trend inflation
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2021 ◽  
Vol ahead-of-print (ahead-of-print) ◽  
Le Thanh Ha ◽  
Finch Nigel

PurposeThis paper analyzes variations in effects of monetary and fiscal shocks on responses of macroeconomic variables, determinacy region and welfare costs due to changes in trend inflation.Design/methodology/approachThe authors develops the New-Keynesian model, which the central banks can employ either nominal interest rate (IR rule) or money supply (MS rule) to conduct monetary policies. They also use their budgets for capital and recurrent spending to conduct fiscal policies. By using simulated method of moment (SMM) for parameter estimation, the authors characterize Vietnam's economy during 1996Q1 -2015Q1.FindingsThe results report that consequences of monetary policy and fiscal policy shocks become more serious if there is a rise in trend inflation. Furthermore, the money supply might not be an effective instrument and using the government budget for recurrent spending produces severe consequences in the high-trend-inflation economy.Originality/valueThis is the first paper that examines the effects of trend inflation on the monetary and fiscal policy implementation in the case of Vietnam.

2021 ◽  
James Costain ◽  
Anton Nakov ◽  
Borja Petit

Abstract We study monetary transmission in a model of state-dependent prices and wages based on ‘control costs’. Stickiness arises because precise choice is costly: decision-makers tolerate errors both in the timing of adjustments, and in the new level at which the price or wage is set. The model is calibrated to microdata on the size and frequency of price and wage changes. In our simulations, money shocks have less persistent real effects than in the Calvo framework; nonetheless, the model exhibits a substantial degree of non-neutrality, driven mainly by wage rigidity. State-dependent nominal stickiness implies a flatter Phillips curve as trend inflation declines, because price and wage adjustments become less frequent, making short-run inflation less reactive to shocks. Our model can explain almost half of the observed decline in the slope of the Phillips curve since 2000.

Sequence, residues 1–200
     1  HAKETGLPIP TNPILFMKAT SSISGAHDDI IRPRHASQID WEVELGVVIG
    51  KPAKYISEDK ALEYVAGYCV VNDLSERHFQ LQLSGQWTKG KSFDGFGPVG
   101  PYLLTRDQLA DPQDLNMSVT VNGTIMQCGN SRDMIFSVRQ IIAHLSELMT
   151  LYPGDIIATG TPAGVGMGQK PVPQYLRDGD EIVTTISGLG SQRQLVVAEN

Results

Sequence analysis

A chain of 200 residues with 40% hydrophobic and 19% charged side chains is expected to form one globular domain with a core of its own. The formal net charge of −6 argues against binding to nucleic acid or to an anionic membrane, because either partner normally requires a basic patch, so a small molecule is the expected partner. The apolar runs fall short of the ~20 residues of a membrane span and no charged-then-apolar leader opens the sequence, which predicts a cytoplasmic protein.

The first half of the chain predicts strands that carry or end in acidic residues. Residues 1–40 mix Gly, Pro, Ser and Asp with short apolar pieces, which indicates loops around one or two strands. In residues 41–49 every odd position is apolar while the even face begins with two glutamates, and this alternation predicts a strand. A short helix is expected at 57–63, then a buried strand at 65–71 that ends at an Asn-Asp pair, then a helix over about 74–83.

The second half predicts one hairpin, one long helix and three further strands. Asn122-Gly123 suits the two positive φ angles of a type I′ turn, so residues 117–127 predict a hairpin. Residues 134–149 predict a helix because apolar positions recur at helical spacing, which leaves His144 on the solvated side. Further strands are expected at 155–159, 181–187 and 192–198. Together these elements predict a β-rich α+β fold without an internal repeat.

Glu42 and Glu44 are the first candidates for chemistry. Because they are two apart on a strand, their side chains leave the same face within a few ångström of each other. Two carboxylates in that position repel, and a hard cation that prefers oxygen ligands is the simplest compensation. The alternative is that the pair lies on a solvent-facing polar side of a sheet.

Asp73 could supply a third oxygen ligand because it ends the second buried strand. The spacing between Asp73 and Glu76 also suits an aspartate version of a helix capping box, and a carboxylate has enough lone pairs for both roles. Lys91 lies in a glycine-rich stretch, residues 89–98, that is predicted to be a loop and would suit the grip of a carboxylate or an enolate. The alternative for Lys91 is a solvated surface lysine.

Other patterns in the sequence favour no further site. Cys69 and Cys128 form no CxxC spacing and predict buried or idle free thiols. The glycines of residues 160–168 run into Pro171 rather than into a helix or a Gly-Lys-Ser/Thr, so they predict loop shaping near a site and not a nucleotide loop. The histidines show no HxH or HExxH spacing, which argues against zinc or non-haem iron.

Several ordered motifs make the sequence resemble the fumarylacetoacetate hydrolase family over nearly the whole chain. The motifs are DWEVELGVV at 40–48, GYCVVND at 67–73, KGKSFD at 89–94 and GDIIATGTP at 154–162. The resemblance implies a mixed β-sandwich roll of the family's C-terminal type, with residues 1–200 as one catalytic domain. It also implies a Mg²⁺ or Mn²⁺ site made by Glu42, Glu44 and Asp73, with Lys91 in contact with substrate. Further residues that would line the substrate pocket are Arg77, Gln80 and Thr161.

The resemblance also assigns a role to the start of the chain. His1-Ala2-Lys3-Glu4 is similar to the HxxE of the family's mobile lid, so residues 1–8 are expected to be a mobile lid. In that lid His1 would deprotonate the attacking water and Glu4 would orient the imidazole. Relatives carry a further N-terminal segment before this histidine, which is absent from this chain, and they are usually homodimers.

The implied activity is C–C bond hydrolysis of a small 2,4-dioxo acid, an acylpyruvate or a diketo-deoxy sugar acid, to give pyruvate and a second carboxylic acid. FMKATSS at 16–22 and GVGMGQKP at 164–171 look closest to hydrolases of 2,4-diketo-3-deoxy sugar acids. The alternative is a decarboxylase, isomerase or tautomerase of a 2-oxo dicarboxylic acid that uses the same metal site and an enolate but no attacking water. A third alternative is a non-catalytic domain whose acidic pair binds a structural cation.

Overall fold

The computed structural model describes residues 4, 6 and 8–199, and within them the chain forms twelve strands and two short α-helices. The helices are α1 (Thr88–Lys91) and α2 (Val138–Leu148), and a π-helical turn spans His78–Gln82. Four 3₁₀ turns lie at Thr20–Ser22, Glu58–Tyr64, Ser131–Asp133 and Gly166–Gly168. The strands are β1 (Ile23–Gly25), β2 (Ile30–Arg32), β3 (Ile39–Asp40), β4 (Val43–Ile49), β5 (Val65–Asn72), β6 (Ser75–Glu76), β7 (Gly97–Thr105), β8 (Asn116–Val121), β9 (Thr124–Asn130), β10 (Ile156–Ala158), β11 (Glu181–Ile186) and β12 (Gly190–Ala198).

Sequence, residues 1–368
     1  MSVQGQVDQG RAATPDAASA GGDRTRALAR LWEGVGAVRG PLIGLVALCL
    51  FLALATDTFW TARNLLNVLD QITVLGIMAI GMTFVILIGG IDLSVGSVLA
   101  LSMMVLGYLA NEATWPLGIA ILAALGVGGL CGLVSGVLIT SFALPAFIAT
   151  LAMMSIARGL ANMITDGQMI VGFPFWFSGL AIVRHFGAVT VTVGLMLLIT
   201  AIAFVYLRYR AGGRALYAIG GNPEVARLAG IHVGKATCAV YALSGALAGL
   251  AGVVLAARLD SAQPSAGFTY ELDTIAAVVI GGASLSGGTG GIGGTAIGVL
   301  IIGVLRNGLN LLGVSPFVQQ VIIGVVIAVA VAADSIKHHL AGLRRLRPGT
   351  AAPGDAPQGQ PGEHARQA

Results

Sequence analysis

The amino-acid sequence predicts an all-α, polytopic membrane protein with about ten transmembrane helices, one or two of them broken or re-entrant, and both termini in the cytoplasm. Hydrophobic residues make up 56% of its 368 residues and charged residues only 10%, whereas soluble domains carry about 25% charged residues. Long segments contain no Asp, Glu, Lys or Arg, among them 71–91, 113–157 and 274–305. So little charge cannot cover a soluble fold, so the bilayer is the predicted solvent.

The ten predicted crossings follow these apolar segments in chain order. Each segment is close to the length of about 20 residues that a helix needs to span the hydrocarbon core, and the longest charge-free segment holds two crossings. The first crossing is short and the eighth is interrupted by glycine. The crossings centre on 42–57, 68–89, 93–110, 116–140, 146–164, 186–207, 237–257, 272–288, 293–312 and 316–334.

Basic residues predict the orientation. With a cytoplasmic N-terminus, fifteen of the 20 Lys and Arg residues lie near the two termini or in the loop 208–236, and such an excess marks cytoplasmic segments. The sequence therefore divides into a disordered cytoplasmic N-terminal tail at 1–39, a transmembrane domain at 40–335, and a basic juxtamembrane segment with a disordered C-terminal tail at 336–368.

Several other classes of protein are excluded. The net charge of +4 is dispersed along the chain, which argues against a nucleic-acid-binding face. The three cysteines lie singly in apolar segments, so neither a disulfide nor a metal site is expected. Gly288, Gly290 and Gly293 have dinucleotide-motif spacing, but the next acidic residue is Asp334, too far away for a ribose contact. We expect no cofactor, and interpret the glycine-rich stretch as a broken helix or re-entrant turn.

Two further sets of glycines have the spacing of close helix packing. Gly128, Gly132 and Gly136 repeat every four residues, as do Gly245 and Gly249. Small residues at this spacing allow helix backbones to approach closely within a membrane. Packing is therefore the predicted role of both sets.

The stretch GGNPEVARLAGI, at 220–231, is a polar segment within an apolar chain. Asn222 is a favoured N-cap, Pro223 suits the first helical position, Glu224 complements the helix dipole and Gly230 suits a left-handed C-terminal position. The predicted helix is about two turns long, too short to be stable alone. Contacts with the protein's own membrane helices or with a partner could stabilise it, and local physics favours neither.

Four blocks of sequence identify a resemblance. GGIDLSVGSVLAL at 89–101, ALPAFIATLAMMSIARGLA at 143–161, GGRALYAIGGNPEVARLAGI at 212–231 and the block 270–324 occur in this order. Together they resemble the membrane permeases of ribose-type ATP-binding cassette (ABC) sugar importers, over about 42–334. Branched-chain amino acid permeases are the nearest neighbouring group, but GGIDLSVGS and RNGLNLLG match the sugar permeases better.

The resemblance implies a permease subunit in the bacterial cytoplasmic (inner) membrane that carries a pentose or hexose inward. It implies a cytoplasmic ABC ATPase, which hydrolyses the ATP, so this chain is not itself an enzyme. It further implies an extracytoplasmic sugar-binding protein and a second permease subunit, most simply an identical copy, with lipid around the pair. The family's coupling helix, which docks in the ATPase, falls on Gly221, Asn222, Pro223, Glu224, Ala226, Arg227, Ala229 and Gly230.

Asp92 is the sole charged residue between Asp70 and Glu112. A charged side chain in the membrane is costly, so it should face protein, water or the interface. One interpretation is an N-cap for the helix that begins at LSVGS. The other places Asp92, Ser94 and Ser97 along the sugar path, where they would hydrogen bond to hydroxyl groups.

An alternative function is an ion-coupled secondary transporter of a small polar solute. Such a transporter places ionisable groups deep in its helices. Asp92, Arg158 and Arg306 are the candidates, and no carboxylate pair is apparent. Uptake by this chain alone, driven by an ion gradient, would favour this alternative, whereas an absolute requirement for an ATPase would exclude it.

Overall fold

2021 ◽  
Guido Ascari ◽  
Timo Haber

Abstract A sticky price theory of the transmission mechanism of monetary policy shocks based on state-dependent pricing yields two testable implications, that do not hold in time-dependent models. First, large monetary policy shocks should yield proportionally larger initial responses of the price level. Second, in a high trend inflation regime, the response of the price level to monetary policy shocks should be larger and real effects smaller. Our analysis provides evidence supporting these non-linear effects in the response of the price level in aggregate US data, indicating state-dependent pricing as an important feature of the transmission mechanism of monetary policy.

2020 ◽  
Vol 114 ◽  
pp. 317-333 ◽  
Hashmat Khan ◽  
Louis Phaneuf ◽  
Jean Gardy Victor

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